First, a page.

Second-degree murder is a class one felony and is punishable with prison time, but criminal charges of second-degree murder are not eligible for the Arizona death penalty. A person commits second-degree murder if they do the following without premeditation:

  • Intentionally causes the death of another person, including an unborn child.
  • Knowingly causing the death of another person, including an unborn child.
  • Recklessly engaging in conduct that creates the risk of death under circumstances demonstrating indifference to human life and therefore causes the death of another person, including an unborn child. 

Second-degree murders are committed in the absence of planning and the spur of the moment. Second-degree murder charges differ from manslaughter charges because manslaughter occurs while a person is under the intense heat of passion and this passion is absent in second-degree murders. 

FIRST-DEGREE MURDER

First-degree murder is a class one felony punishable by life imprisonment or death. First-degree murders are committed knowing that his or her conduct will cause death. First-degree murders are committed with premeditation, cause the death of another person, including an unborn child. 

First-degree murders could be committed acting alone or with one or more persons while committing any of several specific crimes; or while intentionally causing the death of a law enforcement officer.

Defending Your Tucson Homicide Case

Skilled Tucson homicide lawyers scrutinize every piece of evidence while preparing a thorough understanding of your case to encourage the best possible outcome. Sometimes the ideal outcome will be convincing the State of Arizona to dismiss or reduce the charges against you, or it could be building a successful defense at trial.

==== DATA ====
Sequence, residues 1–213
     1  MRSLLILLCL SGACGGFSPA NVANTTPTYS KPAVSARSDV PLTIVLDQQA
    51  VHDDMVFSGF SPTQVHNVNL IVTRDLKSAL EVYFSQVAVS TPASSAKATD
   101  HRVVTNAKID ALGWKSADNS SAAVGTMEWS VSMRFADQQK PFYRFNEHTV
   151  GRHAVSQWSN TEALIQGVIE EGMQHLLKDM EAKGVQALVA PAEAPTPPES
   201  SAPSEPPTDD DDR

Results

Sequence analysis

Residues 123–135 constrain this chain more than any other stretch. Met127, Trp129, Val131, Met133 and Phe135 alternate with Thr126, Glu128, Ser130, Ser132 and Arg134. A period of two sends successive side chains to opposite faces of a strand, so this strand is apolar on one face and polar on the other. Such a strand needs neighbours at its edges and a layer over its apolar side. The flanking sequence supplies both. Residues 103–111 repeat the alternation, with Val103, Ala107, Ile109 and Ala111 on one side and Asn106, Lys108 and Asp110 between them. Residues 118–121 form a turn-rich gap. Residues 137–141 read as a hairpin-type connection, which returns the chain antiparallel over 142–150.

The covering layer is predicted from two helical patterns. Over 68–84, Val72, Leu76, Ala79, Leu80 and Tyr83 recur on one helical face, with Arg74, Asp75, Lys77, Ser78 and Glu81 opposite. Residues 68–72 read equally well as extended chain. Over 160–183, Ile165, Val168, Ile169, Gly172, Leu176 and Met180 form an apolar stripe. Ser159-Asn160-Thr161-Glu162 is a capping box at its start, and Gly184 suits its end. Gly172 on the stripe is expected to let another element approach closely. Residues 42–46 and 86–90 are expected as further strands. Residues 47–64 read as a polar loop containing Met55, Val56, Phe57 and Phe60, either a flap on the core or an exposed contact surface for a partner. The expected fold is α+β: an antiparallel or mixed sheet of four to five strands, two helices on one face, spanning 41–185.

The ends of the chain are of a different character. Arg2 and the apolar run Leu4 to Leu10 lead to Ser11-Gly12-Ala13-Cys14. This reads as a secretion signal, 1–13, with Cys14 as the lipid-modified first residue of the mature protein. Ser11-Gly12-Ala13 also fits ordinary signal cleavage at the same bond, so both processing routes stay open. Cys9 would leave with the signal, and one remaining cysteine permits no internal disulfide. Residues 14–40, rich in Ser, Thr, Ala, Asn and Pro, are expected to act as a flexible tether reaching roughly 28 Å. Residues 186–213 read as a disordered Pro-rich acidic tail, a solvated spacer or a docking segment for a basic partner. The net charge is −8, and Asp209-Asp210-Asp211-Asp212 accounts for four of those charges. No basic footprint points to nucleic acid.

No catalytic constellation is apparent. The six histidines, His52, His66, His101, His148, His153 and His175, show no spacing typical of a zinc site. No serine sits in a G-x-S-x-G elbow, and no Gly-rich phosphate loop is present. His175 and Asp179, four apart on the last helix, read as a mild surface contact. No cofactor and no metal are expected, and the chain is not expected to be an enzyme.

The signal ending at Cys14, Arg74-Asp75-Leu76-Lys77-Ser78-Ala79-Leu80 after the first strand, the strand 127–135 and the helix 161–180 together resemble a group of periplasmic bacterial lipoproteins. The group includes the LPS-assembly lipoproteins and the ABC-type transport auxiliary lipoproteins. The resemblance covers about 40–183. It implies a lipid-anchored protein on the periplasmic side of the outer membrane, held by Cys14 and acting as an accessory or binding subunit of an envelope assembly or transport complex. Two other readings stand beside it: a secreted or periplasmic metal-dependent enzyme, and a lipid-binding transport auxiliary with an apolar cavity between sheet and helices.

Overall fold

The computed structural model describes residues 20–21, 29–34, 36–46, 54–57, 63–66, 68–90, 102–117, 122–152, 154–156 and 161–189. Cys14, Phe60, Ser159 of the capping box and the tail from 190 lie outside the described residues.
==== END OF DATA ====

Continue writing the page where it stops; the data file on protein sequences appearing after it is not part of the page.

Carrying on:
The circumstances of your case will determine the defenses available to you. Tucson murder defense attorneys have had success by: 

  • Offering proof that someone else committed the crime
  • Demonstrating that the killing was done in self-defense
  • Proving that the murder was unintentional
  • Showing that the State’s evidence is insufficient to convict, 
  • In the case of felony murder, proving that the death was not caused by the commission of another crime

Tucson Murder Defense Attorney

The attorneys at the Law Office of Hernandez & Hamilton, PC, have a vast amount of experience representing clients because we conduct our own, independent defense investigation of the facts with our private investigators to locate weaknesses in the case. Contact us for a free initial consultation, and we will help you fight the accusations against you.

Related Articles

Regarding COVID-19:

We are still operating full-time to protect our clients and ensure their rights are protected during the current health crisis.  New clients are welcome to contact our office by phone at (520) 882-8823 or submit a message through this website.  We will respond right away.

Our business hours remain the same, however, we are doing our best to limit any unnecessary in-person meetings.  Thus, to theextent practicable, client meetings will be held telephonically or via video-conference until further notice.  Our attorneys are, of course, always available to meet in-person (following social distancing guidelines) for sensitive matters.